Most of the time the jet stream, being air, is invisible. If you see clear sky looking up, or an overcast, you really can’t tell the jet stream’s up there. That’s one of the reasons it took so long to discover it was there. There were hints, starting with the way the ash from Krakatoa spread. Planes prior to WWII generally didn’t fly high enough to encounter it, though a few planes during WWII went high enough to find

Jet stream cirrus, looking north

Jet stream cirrus, looking north

their air speed and their ground speed were vastly different. Today the jet stream can make a difference of 100 mph or more in how fast a jet travels, and company meteorologists generally try to route planes away from a headwind in the jet stream.

Jet streams form where there is a large horizontal difference in temperature, and are very likely over fronts near the

surface. They also generally have a high-speed core with lower speeds to the sides, and this wind shear tends to drag out tendrils of cloud so they form lines parallel to the jet stream. If you look up and see long streaks of filmy cloud, all in the same direction from horizon to horizon, chances are good you are seeing the jet stream.

Jet stream cirrus, looking NE

Jet stream cirrus, looking NE

We don’t see that very often here in Alaska, because the jet stream is generally south of us, over the Pacific Ocean. But large waves do form in the jet stream, and last Wednesday a wave formed that put the jet stream moving from south to north over our heads. The warm air it brought aloft was reflected in a lovely warm day (77°F) at the ground, and the cirrus streaks were conspicuous. Thanks to perspective, they fanned out from the northern and southern horizons, and looked horizontal when you gazed east or west. All of the photos were taken at the Farmers Market, around 1 pm ADT.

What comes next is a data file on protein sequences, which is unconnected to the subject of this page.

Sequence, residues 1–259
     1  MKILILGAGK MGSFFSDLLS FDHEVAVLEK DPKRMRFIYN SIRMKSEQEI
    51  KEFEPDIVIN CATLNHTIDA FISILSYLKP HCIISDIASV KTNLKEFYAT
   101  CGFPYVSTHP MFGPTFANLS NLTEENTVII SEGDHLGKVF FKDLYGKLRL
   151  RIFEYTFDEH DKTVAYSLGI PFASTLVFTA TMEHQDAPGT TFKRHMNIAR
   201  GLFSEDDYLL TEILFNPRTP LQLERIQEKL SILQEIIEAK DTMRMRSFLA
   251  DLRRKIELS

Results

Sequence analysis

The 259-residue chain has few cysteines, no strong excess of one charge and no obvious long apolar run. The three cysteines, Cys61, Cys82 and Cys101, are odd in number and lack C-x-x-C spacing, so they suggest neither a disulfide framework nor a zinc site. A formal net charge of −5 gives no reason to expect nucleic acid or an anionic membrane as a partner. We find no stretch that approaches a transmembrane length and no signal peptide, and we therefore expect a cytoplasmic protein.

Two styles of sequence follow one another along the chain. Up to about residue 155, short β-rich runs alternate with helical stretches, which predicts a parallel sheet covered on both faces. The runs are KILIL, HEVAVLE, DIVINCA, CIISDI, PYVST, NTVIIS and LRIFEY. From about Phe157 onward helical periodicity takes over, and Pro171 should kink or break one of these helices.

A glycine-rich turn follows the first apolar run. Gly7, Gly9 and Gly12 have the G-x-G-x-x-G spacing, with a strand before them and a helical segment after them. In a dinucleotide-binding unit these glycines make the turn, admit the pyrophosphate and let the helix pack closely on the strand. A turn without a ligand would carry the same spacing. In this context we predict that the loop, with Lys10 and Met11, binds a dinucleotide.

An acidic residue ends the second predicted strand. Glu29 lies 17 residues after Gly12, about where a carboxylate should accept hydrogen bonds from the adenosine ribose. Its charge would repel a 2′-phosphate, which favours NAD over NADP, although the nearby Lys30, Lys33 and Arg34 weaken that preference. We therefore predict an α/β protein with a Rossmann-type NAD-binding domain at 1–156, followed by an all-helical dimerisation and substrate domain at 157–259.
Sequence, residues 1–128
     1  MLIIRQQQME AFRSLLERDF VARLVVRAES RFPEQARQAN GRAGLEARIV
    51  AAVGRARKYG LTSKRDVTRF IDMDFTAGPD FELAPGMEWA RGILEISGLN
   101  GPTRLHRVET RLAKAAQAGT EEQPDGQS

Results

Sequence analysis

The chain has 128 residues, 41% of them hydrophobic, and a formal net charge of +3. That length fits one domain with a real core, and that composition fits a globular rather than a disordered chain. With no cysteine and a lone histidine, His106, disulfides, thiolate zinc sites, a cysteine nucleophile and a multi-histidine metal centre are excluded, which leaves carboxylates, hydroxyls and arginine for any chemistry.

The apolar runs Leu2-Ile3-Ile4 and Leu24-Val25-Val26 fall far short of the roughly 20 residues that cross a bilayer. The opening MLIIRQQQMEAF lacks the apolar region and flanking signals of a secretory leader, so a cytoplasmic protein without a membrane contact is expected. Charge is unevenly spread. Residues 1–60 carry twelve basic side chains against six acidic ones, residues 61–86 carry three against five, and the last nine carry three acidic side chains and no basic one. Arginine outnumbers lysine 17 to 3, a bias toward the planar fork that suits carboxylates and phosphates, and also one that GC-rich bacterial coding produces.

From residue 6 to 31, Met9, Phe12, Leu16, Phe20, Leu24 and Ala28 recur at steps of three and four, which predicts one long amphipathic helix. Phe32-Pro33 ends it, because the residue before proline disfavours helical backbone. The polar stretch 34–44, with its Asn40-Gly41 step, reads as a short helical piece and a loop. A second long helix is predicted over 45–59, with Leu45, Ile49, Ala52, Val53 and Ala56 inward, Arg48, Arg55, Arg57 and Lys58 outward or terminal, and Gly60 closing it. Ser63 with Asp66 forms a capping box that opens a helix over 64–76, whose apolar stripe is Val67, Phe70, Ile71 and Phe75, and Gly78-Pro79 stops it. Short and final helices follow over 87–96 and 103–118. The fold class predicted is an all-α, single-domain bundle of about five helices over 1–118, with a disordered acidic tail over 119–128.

In the lower 48, jet streams are more likely to blow roughly from west to east. Look for them!

Year 3 Day 270

Stormy skiesMy new home is almost finished – at least as far as the structure goes. I decided to cover most of it with soil and vegetation, for insulation. I do have windows, deep-set and transparent, looking in all directions, but from outside only the porch and entryway are obvious. The site is well above the lake, with both hot and cold springs supplying me with water. It’s wonderful to have a large soaking tub again!

So far it’s only a shell. I’ve been teleporting back and forth to the old shelter, recording my journal there and moving what I need at the moment to the new site. Today I found that the rains had started at the old site, so last year’s drought was a relatively short one.

Will Rain Cloud lead the group I know best back to the vicinity of my old shelter? From the steady drumming of the rain on the roof, the grass will soon begin growing and the animals should follow it to provide good hunting. I will begin planning to move the rest of the solar panels and the computer soon, but might I not stay here long enough to see if my friends come?

Perhaps I should search the area for them? I must confess I am curious to see whether Songbird and Giraffe will make a pairing, and perhaps even have a child. Of course a pairing here is only a commitment on the part of the male to protect his mate and her children; these people have no concept of biological fatherhood and that is one thing about which I have no intention of enlightening them. But Songbird is no longer a child herself, and it would be pleasant to see hers.